Library events The Newcastle Library is at 12901 Newcastle Way. The following programs are offered the rest of the month: Young Toddler Story Times, ages 12-24 months, 10:15 a.m. May 5, 12 and 19 Toddler Story Times, ages 2-3, 11:30 a.m. May 5, 12 and 19 Russian World Language Story Time, ages 3 and older, 11:30 a.m. Tuesdays Study Zone, for grades K-12, 4-6 p.m. Tuesdays and 3:30-5:30 p.m. Wednesdays Talk Time, improve your English skills, 7 p.m. Tuesdays Family Story Times, ages 3-5, 6:30 p.m. May 7, 14 and 21 Preschool Story Times, ages 3-5, 11:30 a.m. May 7, 14 and 21 Statewide Health Insurance Benefits Advisor Counseling, adults, 10 a.m. May 2, free, register at 206-6245633, ext. 4301 Volunteer Fair for teens, 2 p.m. May 10 Teen Leadership Board, 6:30 p.m. May 19 Start to Fitness: Introduction to Break Dancing, 2 p.m., May 31 Drop-In to Learn About eBooks, for adults, 1:30 p.m. May 5 Circulo de Lectura en Español, for adults, 7

p.m. May 15 Computer Class: one-on-One Assistance, 6:30-7:30 p.m. May 5, 12 and 19 Newcastle Library Book Club: ‘Yellow Birds,’ by Kevin Powers, for adults, 7 p.m. March 27 Master Gardeners Clinics, adults, 10 a.m. Saturdays Learn About Native Edibles, sponsored by Newcastle Community Wildlife Habitat Program, 10 a.m. May 17 Friends of the Newcastle Library meeting, 7 p.m. May 28 Genealogy Research: Using Ancestry, 10:30 a.m. May 30, register

Obituary Larry R. M. Hitchcock June 13, 1938 – April 17, 2014 Larry was the head cross-country and track coach and athletic director at Newport High School. Friends are invited to view photos and service information, share memories and sign the online guestbook at www.flintofts.com. — Flintoft’s Issaquah Funeral Home, 3926444

Showtime for Stars, a mentor youth program created by former National Football League player Reggie Jones, will host a charity tournament at The Golf Club at Newcastle on May 31. All proceeds from the event go to the organization, which promotes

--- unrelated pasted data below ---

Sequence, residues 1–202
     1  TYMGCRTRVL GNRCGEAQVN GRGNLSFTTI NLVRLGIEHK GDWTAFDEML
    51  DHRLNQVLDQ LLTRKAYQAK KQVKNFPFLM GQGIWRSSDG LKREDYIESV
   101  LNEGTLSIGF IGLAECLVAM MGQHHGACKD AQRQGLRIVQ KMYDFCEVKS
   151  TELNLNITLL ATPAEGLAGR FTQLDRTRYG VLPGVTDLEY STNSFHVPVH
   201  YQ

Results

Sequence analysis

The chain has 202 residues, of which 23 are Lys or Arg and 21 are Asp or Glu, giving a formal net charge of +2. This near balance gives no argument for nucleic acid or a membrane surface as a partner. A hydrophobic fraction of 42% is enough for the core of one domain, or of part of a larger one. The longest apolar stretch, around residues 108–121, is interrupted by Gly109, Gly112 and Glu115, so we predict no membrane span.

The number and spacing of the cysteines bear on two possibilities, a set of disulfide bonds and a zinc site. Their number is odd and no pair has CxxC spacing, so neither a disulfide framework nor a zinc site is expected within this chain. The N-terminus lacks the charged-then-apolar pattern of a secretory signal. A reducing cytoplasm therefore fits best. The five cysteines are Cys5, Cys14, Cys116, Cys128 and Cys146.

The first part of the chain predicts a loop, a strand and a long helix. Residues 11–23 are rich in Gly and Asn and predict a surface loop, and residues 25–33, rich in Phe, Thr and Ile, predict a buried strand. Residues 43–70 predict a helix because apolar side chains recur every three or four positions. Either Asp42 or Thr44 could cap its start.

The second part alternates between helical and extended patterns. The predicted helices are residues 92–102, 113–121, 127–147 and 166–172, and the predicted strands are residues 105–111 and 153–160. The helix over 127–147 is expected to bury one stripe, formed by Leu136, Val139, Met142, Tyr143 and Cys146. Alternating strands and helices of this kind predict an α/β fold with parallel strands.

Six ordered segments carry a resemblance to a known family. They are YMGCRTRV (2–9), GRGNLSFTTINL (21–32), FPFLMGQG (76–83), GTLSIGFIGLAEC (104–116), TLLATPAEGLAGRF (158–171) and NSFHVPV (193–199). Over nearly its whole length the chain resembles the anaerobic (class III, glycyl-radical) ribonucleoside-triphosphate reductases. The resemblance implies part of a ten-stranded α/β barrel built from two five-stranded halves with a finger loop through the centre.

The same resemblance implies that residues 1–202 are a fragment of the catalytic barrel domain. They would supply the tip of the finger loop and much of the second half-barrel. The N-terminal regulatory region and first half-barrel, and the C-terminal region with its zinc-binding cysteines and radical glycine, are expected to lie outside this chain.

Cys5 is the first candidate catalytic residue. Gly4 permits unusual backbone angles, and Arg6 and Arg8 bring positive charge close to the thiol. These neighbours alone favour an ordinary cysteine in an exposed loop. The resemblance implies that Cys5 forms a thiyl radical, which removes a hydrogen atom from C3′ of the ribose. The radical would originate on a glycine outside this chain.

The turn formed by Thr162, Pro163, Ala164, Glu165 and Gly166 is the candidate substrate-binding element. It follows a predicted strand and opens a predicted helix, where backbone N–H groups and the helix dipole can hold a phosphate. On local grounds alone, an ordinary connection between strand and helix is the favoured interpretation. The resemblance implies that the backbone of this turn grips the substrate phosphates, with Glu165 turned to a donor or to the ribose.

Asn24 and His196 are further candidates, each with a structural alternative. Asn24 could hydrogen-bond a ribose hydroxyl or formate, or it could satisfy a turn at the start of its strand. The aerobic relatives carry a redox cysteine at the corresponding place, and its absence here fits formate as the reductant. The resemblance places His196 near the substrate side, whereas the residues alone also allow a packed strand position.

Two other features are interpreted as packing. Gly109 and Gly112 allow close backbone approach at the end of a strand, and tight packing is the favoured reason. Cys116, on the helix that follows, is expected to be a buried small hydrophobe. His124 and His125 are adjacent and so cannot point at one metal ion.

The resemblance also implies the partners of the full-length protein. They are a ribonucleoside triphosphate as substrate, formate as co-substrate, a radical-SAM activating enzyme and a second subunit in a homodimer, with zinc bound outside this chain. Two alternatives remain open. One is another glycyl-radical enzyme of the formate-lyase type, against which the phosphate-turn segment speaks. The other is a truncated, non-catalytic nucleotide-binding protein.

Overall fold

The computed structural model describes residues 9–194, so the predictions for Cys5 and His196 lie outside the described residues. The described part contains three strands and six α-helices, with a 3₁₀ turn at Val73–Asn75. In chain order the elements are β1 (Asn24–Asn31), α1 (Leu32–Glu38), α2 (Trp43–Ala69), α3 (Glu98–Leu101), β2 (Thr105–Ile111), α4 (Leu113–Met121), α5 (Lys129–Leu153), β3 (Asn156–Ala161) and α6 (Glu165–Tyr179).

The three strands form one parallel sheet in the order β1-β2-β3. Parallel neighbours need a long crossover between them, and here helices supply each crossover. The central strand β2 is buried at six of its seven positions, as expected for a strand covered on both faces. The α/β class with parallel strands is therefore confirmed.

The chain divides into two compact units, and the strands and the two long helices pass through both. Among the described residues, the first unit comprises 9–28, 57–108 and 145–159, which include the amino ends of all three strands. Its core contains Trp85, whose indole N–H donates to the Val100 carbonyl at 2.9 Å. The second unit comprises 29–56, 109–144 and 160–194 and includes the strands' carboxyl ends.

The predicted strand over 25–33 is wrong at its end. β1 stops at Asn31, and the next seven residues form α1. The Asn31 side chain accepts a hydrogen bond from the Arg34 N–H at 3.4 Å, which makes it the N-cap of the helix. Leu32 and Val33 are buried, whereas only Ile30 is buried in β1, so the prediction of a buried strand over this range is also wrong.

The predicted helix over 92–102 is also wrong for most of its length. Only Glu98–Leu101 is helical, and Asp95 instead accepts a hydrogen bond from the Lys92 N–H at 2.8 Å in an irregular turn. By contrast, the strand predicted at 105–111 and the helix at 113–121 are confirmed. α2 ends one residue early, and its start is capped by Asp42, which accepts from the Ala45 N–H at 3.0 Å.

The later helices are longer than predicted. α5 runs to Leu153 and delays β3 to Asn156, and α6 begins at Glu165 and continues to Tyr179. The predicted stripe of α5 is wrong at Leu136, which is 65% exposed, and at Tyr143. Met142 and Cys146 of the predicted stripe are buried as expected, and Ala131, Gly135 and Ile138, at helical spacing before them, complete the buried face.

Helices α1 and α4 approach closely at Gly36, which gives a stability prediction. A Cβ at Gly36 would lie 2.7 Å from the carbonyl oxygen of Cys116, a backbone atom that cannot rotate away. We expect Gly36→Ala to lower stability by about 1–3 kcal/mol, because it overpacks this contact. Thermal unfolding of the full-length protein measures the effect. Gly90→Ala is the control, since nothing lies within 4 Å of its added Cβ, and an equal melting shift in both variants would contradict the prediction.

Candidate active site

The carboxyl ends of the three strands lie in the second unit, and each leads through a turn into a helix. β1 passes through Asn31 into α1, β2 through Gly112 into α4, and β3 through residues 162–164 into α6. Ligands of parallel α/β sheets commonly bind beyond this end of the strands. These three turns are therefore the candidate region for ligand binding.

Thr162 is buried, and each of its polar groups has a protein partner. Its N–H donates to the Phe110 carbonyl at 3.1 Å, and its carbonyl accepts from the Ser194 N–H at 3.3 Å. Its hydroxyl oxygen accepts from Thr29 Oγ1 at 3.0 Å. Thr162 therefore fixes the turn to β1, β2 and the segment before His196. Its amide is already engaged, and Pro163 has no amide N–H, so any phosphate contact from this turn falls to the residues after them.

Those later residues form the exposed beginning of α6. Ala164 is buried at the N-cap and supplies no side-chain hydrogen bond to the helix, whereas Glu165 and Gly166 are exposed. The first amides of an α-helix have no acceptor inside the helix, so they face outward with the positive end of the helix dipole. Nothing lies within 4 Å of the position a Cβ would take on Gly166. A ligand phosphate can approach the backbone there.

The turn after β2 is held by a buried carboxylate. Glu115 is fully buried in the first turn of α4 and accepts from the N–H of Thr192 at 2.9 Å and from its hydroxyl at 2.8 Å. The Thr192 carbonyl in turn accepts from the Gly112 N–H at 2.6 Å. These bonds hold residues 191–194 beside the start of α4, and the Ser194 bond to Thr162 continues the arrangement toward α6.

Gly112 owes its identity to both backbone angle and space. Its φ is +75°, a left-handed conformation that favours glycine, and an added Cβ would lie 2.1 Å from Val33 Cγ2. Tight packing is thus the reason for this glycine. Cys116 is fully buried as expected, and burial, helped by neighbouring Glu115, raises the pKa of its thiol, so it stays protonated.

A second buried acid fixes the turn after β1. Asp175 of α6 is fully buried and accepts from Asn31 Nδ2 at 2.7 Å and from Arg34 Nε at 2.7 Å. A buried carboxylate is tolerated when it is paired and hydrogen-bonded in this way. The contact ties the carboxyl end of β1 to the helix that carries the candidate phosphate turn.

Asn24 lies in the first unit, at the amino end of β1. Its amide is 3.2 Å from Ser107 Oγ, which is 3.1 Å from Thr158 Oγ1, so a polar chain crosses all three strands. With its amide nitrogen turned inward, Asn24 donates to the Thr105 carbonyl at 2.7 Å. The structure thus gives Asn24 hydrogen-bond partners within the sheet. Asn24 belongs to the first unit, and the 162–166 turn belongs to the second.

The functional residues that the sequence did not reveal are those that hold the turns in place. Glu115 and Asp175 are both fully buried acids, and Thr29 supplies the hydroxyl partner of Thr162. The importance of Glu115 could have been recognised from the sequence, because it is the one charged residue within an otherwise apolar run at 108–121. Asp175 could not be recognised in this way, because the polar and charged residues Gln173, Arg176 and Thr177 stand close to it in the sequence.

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local community organizations that could use some volunteers will staff booths. The event, from 2-4 p.m. at the Newcastle Library, 12901 Newcastle Way, is sponsored by the Friends of the Newcastle Library. The fair is the result of an idea cultivated by the local teen leadership board. The board, which began as two separate entities affiliated with the Newcastle Library and Coal Creek Family YMCA, meets monthly to talk about things they’d like to see in the community.

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Schools

PAGE 12

MAY 2, 2014

Hazelwood hosts first career fair By Christina Corrales-Toy

The imaginary fire in the Hazelwood Elementary School cafeteria never stood a chance against first-grader Chloe Brousseau. “Aww, in your face,” the aspiring firefighter shouted as she peeked out from an oversized helmet and brandished an impressive, yet waterless, fire hose. Once her work was done, it appeared that Eastside Fire & Rescue found a new recruit at the school’s first career fair. “Wimpy handshakes” were forbidden at Hazelwood on April 3, as students met with realworld professionals and explored a series of career paths. Before they visited booths manned by librarians, nurses, scientists and pastry chefs, students got a hands-on lesson about the importance of a handshake from Hazelwood parent Diana McMillen. “I just think it’s good for them to know how to do a proper handshake and make eye contact and use a clear voice,” she said. “Meeting someone and first impressions are important, so to start off on a good foot is always a plus.” With the all-important skill in hand, students traveled through the cafeteria, where they met professionals with expertise in landscaping, sales, finance, realty, science, media and website design. About 90 percent of the professionals were Hazelwood parents who volunteered their time, said Laska Whiteaker, the event co-chairwoman.

Prior to the event, students took surveys to determine possible career interests. The results were interesting, Whiteaker said, as fourth graders trended toward more creative career paths, while fifth graders were overwhelmingly technicalminded. “What was really cool was about 50 percent of the kids surveyed wanted to be a teacher,” she said. “So, we have some Hazelwood teachers manning a booth throughout the day. They all gave their planning period to come and teach the kids about education.” Many of the stations had hands-on tools of the craft for kids to try. Eastside Fire & Rescue firefighter Tim Castner’s booth was among the busiest. Castner was sweating as he helped a line of students get in and out of an oversized firefighter’s uniform, complete with an out-of-service helmet, hose and oxygen tank. “Oh my God, that was fun,” Chloe bellowed as Castner removed the heavy uniform. Eastside Fire & Rescue enjoys doing fairs like these, Castner said, because they offer early insight into the profession for those who are truly interested, and remind kids to employ safe practices. It’s not easy to become a firefighter, Castner told the students. It requires academic skills, physical skills and an ability to adapt. It took him nearly 10 years of testing. “It’s rewarding, it’s exciting, it’s fun and sometimes it’s heartbreaking, so it covers the full

By Greg Farrar